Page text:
By David Tuller, DrPH
[June 30, 2017: This post has been corrected and revised.]
Professor Peter White and colleagues have published yet another study in The Lancet promoting graded exercise as an appropriate intervention for the illness they refer to as “chronic fatigue syndrome” but that is more appropriately called “myalgic encephalomyelitis.” (Two compromise terms, ME/CFS and CFS/ME, satisfy no one.) This new article exhibits the range of problems found repeatedly in this body of research, including the reliance on subjective outcomes for an open-label trial, unusual outcome-switching, and self-serving presentations of data.
In short, this latest study seeks to bolster the crumbling evidence base for the PACE/CBT/GET paradigm by reporting modest benefits for graded exercise. But as with previous research espousing this approach, even the unimpressive results reported here cannot be taken seriously by scientists who understand basic research standards.
The full name of the article is: “Guided graded exercise self-help plus specialist medical care vs. specialist medical care alone for chronic fatigue syndrome (GETSET): a pragmatic randomised controlled trial.” It involved 211 patients, split into two groups. Both groups received at least one meeting with a doctor—what the study called “specialist medical care.” The intervention group also received up to 90 minutes of instruction from a physiotherapist on how to pursue a self-guided graded exercise program.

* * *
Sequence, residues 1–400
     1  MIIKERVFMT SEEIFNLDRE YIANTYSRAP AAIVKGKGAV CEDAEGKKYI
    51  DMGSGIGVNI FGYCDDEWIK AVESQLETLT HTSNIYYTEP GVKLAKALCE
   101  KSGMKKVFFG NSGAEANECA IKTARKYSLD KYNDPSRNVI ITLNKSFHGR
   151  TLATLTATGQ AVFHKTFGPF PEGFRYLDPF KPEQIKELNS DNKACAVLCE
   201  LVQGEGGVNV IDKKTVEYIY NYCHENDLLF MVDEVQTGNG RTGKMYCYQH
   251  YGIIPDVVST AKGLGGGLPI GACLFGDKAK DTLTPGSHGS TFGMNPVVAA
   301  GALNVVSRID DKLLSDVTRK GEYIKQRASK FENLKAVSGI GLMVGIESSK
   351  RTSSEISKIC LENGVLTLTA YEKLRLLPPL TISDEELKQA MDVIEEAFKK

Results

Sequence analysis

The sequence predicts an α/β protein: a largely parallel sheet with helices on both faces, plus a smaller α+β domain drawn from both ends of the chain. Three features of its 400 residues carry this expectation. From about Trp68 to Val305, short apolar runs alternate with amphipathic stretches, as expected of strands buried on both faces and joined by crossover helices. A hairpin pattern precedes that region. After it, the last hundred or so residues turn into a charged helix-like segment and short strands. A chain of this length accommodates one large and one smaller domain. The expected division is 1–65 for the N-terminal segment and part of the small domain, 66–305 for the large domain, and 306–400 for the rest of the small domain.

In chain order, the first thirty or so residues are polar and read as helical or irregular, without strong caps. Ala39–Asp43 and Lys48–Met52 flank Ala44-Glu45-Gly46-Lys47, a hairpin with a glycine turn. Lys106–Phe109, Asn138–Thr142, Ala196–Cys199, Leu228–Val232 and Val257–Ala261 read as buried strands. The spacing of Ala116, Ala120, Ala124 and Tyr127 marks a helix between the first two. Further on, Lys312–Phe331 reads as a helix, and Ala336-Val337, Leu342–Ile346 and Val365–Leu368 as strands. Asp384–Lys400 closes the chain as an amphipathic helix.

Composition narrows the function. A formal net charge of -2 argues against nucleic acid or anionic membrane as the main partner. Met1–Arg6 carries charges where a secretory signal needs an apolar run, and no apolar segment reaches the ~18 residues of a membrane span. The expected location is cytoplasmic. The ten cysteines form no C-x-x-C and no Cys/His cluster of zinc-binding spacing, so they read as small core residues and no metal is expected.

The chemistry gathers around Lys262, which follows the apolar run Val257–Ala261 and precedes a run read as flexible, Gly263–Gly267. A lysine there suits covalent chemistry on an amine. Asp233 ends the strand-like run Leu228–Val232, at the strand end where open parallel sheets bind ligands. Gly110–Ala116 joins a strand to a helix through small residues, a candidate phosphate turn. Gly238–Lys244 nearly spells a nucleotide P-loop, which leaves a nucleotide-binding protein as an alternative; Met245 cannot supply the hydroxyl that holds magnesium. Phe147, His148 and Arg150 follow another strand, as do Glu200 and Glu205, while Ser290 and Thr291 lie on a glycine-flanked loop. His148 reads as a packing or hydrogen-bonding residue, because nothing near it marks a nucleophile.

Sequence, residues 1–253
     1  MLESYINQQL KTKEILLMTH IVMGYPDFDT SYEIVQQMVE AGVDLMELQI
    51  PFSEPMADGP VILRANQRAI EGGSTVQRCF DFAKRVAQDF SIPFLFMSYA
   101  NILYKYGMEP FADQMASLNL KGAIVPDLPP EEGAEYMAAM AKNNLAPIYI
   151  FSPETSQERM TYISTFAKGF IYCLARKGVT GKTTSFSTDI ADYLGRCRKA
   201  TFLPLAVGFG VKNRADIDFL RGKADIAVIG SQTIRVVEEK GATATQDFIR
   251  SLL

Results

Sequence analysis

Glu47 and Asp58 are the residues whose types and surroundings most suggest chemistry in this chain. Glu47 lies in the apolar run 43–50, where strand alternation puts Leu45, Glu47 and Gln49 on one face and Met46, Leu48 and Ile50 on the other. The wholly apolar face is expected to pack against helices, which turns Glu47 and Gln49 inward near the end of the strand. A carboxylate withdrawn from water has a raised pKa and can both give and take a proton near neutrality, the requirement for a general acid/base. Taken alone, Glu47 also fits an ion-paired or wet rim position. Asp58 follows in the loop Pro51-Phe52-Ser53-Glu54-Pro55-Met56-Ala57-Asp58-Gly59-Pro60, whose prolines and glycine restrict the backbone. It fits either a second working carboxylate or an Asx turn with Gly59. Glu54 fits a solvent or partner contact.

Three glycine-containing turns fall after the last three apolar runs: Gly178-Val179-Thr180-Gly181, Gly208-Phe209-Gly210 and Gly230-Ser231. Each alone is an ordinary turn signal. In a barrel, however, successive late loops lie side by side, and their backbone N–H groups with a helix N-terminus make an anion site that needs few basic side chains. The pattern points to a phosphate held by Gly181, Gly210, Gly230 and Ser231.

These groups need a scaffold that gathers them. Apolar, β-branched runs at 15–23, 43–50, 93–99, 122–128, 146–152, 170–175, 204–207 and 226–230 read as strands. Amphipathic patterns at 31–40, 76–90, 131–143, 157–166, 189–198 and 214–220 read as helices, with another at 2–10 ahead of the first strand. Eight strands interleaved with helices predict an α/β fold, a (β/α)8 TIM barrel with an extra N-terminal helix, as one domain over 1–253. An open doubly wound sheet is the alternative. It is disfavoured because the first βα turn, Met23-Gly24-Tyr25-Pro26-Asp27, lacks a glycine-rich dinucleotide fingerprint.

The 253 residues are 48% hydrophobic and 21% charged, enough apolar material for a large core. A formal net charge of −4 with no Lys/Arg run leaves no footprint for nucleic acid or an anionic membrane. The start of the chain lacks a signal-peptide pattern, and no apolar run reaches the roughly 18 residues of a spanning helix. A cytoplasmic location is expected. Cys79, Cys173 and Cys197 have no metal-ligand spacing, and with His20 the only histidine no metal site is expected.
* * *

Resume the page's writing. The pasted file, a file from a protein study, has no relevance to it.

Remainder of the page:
The results presented are short-term–12 weeks after trial entry. The investigators reported very modest benefits for the intervention in scores for self-reported fatigue and non-clinically significant improvements in scores for self-reported physical function. There has already been some terrific analysis of the study’s shortcomings on patient forums, so I’m just going to make a few points here.
The study design itself incorporates a huge and fundamental flaw: The unreliable combination of an open-label study with subjective outcomes. Experts outside the influence of Sir Simon Wessely, most notably Jonathan Edwards, an emeritus professor of medicine from University College London, have repeatedly highlighted this feature as rendering the findings meaningless. As Professor Edwards wrote recently in his commentary for the Journal of Health Psychology, this flaw alone makes the PACE trial “a non-starter in the eyes of any physician or clinical pharmacologist familiar with problems of systemic bias in trial execution.” Studies with this design, he explained, have been abandoned in other fields of medicine.
The difficulty of shielding such trials from systematic bias is the reason that studies are blinded in the first place. It is common sense that if you tell people in one group that the intervention they are getting should help them, and then if you don’t give the intervention to people in another group and do not provide encouragement that they will improve, more people from the first group than the second group are likely to tell you in the short term that they feel a bit better.
It does not mean that they have experienced any objective improvements. It also doesn’t mean that these self-reported benefits of the intervention will be apparent at long-term follow-up. In fact, follow-up studies in this body of research do not provide evidence of long-term differences between study groups.